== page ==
There’s a lot of noise right now about how generative AIs like ChatGPT and Bard are going to revolutionize various aspects of the web, but companies targeting narrower verticals are already experiencing success. Writer is such a one, and it just announced a new trio of large language models to power its enterprise copy assistant.
The company lets customers fine-tune these models on their own content and style guides, from which point forward the AI can write, help write, or edit copy so that it meets internal standards. More than just catching typos and recommending the preferred word, Writer’s new models can evaluate style and write content themselves, even doing a bit of fact-checking when they’re done.
But the real draw is that the whole thing can be done internally, from fine-tuning to hosting, at least when it comes to the smaller two of the Palmyra series of models.
“No enterprise leader wants their data to be fodder for someone else’s foundation model, including ours,” said CEO May Habib in a press release. “We give customers all the benefits of the AI application layer without any of the risks of other AI applications and commercial models. Enterprise leaders want to invest in solutions that will essentially give them their own LLM.”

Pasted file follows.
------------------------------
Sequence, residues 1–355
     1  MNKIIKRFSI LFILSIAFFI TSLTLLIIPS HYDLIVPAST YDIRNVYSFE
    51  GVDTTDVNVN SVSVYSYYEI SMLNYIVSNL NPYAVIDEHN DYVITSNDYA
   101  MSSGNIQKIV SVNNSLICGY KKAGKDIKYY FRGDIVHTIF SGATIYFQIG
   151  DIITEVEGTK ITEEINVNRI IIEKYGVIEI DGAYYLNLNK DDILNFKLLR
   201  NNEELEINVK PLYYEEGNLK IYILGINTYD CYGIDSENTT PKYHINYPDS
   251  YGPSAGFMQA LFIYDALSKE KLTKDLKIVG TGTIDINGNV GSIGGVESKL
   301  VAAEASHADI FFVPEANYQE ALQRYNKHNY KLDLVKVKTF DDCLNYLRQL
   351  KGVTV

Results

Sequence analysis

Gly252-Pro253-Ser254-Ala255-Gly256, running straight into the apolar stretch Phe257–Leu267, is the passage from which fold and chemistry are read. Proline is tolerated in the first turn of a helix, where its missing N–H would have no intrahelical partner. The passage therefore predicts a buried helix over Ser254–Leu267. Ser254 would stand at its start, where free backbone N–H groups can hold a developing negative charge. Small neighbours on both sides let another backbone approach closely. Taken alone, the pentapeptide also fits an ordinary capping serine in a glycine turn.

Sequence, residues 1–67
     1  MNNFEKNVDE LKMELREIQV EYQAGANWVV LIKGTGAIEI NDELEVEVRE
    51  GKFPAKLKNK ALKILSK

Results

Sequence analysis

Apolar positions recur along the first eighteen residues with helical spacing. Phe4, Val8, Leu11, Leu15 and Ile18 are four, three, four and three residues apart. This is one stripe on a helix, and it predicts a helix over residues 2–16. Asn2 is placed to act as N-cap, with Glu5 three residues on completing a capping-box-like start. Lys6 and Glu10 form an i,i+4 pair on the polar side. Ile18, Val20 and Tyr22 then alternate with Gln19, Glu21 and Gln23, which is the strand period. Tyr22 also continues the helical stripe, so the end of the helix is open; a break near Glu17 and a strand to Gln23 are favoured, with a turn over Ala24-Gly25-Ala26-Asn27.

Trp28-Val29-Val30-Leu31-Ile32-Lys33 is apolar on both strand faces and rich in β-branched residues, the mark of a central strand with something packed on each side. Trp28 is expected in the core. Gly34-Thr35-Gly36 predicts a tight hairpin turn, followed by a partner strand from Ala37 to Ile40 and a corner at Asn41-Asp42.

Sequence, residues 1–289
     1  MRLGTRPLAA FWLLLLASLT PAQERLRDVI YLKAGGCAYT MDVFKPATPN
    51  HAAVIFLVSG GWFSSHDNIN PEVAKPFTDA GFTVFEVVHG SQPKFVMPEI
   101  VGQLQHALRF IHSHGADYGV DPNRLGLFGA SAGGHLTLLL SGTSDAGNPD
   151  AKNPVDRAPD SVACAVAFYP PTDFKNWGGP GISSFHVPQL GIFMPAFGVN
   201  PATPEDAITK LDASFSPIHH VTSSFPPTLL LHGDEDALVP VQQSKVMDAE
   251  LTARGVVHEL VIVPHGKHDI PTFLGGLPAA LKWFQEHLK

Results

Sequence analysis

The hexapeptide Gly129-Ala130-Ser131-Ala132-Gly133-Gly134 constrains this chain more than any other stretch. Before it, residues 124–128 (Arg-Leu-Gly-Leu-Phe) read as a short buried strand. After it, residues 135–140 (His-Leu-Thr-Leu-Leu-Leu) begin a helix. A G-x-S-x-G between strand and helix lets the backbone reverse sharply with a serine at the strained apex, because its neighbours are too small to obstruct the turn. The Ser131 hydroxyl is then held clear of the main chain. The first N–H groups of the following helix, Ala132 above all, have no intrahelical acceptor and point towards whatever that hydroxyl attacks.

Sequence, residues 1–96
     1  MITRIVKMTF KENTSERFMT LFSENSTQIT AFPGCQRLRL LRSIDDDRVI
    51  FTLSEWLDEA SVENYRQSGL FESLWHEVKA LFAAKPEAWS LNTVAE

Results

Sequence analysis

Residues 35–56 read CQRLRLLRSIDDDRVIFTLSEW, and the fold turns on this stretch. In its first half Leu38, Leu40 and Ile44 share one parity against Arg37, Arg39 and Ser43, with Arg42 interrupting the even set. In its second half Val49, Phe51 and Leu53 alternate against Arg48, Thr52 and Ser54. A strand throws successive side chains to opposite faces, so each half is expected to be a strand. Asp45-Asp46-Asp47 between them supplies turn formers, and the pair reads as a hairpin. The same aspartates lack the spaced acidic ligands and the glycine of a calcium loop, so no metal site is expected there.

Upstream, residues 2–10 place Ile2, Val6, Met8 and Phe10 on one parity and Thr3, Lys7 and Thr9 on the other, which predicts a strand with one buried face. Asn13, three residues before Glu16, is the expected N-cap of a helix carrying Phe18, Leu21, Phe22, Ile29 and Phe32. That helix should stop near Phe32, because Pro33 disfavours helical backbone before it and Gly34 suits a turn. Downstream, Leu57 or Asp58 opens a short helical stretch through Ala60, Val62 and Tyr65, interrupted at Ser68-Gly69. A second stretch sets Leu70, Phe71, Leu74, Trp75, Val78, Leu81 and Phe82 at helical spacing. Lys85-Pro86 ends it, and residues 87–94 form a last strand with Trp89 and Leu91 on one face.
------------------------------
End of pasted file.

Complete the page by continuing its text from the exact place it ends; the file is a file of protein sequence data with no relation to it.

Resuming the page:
Palymra comes in three sizes: 128 million, 5 billion, or 20 billion parameters respectively for Small, Base, and Large. They’re trained on business and marketing writing, not Reddit posts and Project Gutenberg, so there are less surprises to begin with. Then you load up its maw with the last ten years of annual reports, financials, blog posts, and so on to make it yours. (This and any derived data do not filter back to Writer, to be clear.)
Having written my share of enterprise and marketing copy, I can say this isn’t the most exciting of applications. But what it lacks in thrills it makes up for in practicality: companies need to do lots of this kind of writing and editing, and tend to actually pay for it. Writer already hooks into lots of development and productivity suites, so there’s not much friction added.
The business model is similar to other generative AI companies: you get all set up and fine-tuned for free, then pay a penny per thousand tokens, which gets you about 750 words. (This article is just over 500, as a quick reference.)
Alternatively, you can self-hose the Small or Base models free of charge if you have the compute.
A few dozen companies have been using the models since late last year, and we haven’t heard about any egregious problems like we did on day one of Microsoft and Google’s attempts at popularizing generative AI… so that’s a good sign. This is the success of which I spoke earlier. While ChatGPT is certainly impressive, as a generalist or dilettante AI it’s hard to say what it’s actually capable of being used for. The next year or two will see more targeted plays like Writers while Microsoft and Google kick the tires on their latest toy.